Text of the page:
Perceptions of tertiary education service quality : an investigation into providing quality service encounters for international students : a thesis presented in partial fulfilment of the requirements for the degree of Masters of Quality Systems at Massey University, Manawatū, New Zealand
International students have become increasingly important to the financial sustainability of tertiary education institutions in New Zealand. Recruiting and retaining international students in a competitive international marketplace has resulted in individual institutions catering to students as if they are customers. This requires institutions to understand their international students so they can best satisfy their needs.
Published research on student satisfaction and success has identified academic and social integration with a student’s institution of study are crucial antecedents to student satisfaction and success. This integration has been identified as being especially difficult for international students as they must acculturate to a new cultural and academic environment. New Zealand research has identified that the quality of the learning experience is the major contributor to overall international student satisfaction. However, there is a paucity of research on the New Zealand international student experience, and the extent to which the New Zealand experience reflects the international experience is unclear.
The research described here is an attempt to clarify to what extent the international student experience in New Zealand differs from the experience of local domestic students and reflects the experience of international students in other countries. Specifically, the research investigated the relationship between international students’ perception of learning experience quality and academic integration within one New Zealand Polytechnic. A questionnaire was developed based on two scales to measure the two latent variables of perception of learning experience quality and perception of academic integration. The questionnaire was undertaken by both international and domestic students at two campuses of the institution under study.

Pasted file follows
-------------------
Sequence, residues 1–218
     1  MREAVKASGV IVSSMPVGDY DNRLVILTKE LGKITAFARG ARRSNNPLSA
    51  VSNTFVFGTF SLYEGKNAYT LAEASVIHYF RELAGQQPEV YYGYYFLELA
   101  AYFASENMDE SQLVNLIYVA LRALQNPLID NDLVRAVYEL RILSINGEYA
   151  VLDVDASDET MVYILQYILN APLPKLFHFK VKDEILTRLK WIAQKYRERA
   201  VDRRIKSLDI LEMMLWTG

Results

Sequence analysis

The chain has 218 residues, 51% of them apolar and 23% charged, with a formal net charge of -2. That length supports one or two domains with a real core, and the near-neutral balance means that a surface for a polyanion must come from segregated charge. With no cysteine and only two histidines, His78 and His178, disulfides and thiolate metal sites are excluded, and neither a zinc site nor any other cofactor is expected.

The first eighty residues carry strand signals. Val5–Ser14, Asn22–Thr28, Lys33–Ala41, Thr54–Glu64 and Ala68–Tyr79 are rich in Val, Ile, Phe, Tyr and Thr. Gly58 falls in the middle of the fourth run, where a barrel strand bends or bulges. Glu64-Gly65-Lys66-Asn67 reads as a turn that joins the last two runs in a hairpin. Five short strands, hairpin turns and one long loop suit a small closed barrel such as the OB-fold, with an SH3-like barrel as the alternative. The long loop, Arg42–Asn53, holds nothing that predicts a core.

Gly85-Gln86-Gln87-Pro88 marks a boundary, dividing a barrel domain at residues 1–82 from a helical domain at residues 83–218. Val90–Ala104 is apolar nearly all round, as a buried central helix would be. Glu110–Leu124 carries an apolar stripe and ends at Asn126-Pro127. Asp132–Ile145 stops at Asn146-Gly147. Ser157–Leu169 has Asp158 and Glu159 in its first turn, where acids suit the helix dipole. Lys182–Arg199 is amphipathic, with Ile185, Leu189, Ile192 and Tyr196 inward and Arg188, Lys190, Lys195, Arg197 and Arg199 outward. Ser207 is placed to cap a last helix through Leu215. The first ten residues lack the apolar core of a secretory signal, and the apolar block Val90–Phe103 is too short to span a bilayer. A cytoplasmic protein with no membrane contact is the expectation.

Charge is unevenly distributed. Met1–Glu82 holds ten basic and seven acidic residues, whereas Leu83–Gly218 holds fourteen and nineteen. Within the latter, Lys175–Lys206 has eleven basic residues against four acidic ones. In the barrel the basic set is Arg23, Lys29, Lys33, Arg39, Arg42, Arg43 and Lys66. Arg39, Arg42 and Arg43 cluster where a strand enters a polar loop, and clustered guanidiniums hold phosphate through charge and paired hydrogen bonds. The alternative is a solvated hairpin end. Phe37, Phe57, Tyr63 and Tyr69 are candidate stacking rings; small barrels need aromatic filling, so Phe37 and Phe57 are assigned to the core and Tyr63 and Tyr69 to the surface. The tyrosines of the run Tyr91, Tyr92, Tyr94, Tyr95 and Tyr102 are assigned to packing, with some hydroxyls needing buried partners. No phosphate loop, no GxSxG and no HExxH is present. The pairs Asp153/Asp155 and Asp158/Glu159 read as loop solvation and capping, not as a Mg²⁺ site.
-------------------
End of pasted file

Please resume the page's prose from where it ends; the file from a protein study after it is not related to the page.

The results gained from the questionnaire established that perception of academic integration for international students increased over time, however perception of learning experience quality did not. There was no significant difference in the results between international and domestic students. There was some corroboration of international research, but there were also some significant differences. These results provide further impetus for tertiary institutions in New Zealand to better understand their international students if they are to succeed in the international student marketplace.